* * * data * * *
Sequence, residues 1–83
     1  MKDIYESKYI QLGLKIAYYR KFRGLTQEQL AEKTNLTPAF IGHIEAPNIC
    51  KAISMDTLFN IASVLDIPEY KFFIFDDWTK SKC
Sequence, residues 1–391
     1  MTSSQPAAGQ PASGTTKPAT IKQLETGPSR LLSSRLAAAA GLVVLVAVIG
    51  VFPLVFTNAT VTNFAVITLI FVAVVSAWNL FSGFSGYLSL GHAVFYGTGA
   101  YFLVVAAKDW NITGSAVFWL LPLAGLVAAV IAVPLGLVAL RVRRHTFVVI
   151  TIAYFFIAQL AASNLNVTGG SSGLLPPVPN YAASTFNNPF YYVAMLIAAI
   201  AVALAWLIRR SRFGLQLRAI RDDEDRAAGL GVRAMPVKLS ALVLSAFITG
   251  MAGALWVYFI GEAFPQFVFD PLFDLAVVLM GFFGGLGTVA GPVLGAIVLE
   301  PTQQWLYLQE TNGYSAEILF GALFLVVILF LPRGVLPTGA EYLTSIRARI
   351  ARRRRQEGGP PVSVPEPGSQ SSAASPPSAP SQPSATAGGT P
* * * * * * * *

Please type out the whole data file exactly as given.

Sequence, residues 1–83
     1  MKDIYESKYI QLGLKIAYYR KFRGLTQEQL AEKTNLTPAF IGHIEAPNIC
    51  KAISMDTLFN IASVLDIPEY KFFIFDDWTK SKC
Sequence, residues 1–391
     1  MTSSQPAAGQ PASGTTKPAT IKQLETGPSR LLSSRLAAAA GLVVLVAVIG
    51  VFPLVFTNAT VTNFAVITLI FVAVVSAWNL FSGFSGYLSL GHAVFYGTGA
   101  YFLVVAAKDW NITGSAVFWL LPLAGLVAAV IAVPLGLVAL RVRRHTFVVI
   151  TIAYFFIAQL AASNLNVTGG SSGLLPPVPN YAASTFNNPF YYVAMLIAAI
   201  AVALAWLIRR SRFGLQLRAI RDDEDRAAGL GVRAMPVKLS ALVLSAFITG
   251  MAGALWVYFI GEAFPQFVFD PLFDLAVVLM GFFGGLGTVA GPVLGAIVLE
   301  PTQQWLYLQE TNGYSAEILF GALFLVVILF LPRGVLPTGA EYLTSIRARI
   351  ARRRRQEGGP PVSVPEPGSQ SSAASPPSAP SQPSATAGGT P